Friday, July 30, 2010

Poetry Prompt

This week's prompt from Big Tent Poetry is, "write a poem placing a pop culture icon in a mundane, domestic situation." Well, I took that as a challenge. I thought about Lindsay Lohan in jail. I contemplated Obama wondering why his ratings were dropping. Then there's the whole Ellen DeGeneres on Idol thing... How about Chelsea Clinton's wedding woes? After serious consideration of these pop icons and more, I decided to go with something I have more experience with: Doctor Who. After all, the Tardis has to be cleaned sometime, doesn't it??

Sometimes Bigger Isn't Better

Its blue exterior needs a new coat of paint.
It looks shabby, and the copper needs shining.
He surveys the exterior in a moment of
Key in hand, he enters and sighs with contentment
As space spreads out before him in its
Steampunk glory.
His finger runs across the center console
Like a lover's touch, caressing.
Yet the moment is ruined when his
Size 12s trip over a scarf
Discarded on the floor.
He sets aside his jacket and bow tie
In favor of short sleeves and jeans
And digs into the task of cleaning.
Starting at the center, he works his way out,
Dusting, mopping, chasing out the spiders.
Tiny motes dance in the offset light of the room,
And he smiles, thinking of all the people
Who have danced with them
Over the years.
Once more he smiles, being glad that he
Never installed carpet
To molder and stink as the days passed.
In a corner, he finds a pair of sneakers
That once belonged to her.
His face caves in upon itself as
The solitude of centuries piles on.
She's long dead, and he's far away.
Still, he can't bring himself to throw them away,
Anymore than he can discard the old, worn scarf
Or the now-threadbare velvet green jacket.

Friday, July 23, 2010


Inspired by The Night Wanderer's Path and FlyLady, I decided to clean up my room finally. In the process, I re-thought my altars (yes, yet again). I love using this vanity as my main altar space, because of the tiered levels and because it is a very warm piece of furniture with a rich history.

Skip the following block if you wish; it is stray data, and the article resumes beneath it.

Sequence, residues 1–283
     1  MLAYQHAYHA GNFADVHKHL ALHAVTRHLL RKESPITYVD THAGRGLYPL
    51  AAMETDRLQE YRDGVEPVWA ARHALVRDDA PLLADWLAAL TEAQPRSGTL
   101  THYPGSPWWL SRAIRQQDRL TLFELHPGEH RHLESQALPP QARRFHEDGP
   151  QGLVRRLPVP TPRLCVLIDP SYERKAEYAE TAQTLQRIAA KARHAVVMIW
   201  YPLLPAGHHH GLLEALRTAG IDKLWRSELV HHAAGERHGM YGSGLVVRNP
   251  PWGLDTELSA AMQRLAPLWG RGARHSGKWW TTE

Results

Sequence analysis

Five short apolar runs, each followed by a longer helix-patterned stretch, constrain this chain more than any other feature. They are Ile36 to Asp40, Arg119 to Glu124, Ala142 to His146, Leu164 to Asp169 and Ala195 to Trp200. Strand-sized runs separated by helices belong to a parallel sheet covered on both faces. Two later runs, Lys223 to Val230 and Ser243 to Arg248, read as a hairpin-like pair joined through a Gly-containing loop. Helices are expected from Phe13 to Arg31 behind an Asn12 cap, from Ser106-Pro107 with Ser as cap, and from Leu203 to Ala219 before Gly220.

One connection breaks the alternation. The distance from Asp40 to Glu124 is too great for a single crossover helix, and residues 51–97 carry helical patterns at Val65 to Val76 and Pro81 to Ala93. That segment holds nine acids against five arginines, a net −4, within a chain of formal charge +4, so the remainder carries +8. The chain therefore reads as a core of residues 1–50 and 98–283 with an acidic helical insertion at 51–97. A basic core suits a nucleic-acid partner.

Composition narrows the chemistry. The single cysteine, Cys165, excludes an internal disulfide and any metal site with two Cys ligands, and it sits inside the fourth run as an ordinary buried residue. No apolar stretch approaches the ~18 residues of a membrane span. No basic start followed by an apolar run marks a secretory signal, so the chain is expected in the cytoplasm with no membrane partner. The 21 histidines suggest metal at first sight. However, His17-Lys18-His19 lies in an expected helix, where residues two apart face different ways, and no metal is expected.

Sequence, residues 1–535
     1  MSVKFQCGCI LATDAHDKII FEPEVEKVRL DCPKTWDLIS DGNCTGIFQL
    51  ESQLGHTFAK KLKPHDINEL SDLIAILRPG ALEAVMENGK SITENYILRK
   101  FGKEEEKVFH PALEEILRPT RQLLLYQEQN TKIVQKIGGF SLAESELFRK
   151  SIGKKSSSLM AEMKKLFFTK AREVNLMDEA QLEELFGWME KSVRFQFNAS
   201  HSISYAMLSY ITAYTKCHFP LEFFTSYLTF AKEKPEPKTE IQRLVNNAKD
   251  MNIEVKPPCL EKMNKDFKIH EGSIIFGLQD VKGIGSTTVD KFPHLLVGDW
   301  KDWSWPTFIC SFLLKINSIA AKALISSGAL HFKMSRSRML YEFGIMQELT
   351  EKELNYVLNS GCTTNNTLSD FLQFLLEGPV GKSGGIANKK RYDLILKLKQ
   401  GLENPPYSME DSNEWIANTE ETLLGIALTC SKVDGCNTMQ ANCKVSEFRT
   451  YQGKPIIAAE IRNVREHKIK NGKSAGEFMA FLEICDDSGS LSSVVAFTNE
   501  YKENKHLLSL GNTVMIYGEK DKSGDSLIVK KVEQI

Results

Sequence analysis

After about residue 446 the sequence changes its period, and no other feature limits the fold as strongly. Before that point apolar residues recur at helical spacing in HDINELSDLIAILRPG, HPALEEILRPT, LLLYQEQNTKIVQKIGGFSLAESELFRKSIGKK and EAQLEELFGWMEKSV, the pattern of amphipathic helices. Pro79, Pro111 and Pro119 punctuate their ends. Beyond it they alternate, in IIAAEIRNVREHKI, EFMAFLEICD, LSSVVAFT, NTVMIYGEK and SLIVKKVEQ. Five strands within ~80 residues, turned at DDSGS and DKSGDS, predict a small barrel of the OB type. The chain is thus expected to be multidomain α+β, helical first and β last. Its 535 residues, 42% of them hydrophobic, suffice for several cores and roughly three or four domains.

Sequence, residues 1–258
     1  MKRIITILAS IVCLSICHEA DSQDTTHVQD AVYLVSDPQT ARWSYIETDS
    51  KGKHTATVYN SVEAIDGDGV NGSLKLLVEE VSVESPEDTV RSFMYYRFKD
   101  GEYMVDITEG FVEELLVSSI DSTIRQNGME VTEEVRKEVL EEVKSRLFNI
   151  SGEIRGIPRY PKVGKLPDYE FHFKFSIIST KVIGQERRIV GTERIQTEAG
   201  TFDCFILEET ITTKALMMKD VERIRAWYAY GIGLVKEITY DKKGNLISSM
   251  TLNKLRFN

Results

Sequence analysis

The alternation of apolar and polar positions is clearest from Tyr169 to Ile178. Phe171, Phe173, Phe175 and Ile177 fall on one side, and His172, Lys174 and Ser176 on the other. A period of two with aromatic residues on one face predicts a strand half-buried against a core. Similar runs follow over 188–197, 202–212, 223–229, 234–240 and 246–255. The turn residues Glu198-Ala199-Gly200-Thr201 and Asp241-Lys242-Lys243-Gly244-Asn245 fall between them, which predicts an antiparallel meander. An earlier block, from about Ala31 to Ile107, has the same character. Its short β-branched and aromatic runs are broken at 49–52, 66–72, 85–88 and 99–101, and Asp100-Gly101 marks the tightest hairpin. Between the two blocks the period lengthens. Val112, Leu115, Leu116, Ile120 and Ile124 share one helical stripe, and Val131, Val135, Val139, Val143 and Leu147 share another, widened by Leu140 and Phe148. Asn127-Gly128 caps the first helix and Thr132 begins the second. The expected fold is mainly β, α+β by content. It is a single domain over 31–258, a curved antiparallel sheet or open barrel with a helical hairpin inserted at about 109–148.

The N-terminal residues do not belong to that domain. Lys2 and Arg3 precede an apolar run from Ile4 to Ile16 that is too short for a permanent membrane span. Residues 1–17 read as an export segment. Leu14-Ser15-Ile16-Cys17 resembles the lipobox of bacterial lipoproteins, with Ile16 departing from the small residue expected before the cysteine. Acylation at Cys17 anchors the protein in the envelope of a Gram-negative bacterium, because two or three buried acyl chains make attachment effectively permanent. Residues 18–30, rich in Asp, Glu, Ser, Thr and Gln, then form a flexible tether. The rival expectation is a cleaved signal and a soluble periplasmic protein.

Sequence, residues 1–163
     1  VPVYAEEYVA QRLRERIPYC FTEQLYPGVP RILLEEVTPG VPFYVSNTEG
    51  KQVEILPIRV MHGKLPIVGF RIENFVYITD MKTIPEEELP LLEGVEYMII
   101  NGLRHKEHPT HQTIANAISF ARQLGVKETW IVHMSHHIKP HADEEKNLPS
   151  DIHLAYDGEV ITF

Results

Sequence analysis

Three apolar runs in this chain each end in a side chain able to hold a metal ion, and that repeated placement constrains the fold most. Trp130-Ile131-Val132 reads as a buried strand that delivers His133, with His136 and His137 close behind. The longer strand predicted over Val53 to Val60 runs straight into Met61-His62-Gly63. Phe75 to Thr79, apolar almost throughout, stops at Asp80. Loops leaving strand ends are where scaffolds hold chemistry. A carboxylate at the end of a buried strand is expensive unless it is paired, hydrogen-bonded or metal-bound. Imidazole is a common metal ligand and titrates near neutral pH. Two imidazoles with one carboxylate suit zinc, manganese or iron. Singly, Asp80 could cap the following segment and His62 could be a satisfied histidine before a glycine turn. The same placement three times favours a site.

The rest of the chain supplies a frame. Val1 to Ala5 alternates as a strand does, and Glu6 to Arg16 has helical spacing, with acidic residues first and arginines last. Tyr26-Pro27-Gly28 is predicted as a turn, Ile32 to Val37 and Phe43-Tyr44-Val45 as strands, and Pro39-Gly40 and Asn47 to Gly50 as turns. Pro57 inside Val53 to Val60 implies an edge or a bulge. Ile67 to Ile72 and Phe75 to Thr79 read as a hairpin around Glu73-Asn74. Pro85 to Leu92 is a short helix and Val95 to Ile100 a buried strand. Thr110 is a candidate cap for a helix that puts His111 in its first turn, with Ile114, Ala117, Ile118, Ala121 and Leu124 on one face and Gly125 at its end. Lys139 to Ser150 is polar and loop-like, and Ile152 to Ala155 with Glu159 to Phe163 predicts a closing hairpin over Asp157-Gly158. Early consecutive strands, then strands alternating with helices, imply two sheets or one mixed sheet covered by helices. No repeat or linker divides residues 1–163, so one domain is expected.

The center altar area is the "all purpose" altar where I say my prayers (which I've been sadly lacking in lately, formally speaking), make general offerings, and recite litanies and such. It has a single candle (the same as before) and some more generic spiritual items on it. Back left there is a picture of my grandmother, my only living grandparent and whom I am very close to. In front of her picture is a small crystal dish of stone eggs, one of which belongs to the girltwin. In front of that is my bell, which I use for setting sacred space when it's just me worshipping, and also $10, a donation for the Agrotereion which I will be using for paint. To the right by the candle is a bowl of various semi-precious stones and polished glass in which a candle sits. The candle is ostensibly for Persephone, although when I burn it I put it down on the ground (more on that later). In front of the bowl is a small glass pitcher of water which I use for offerings.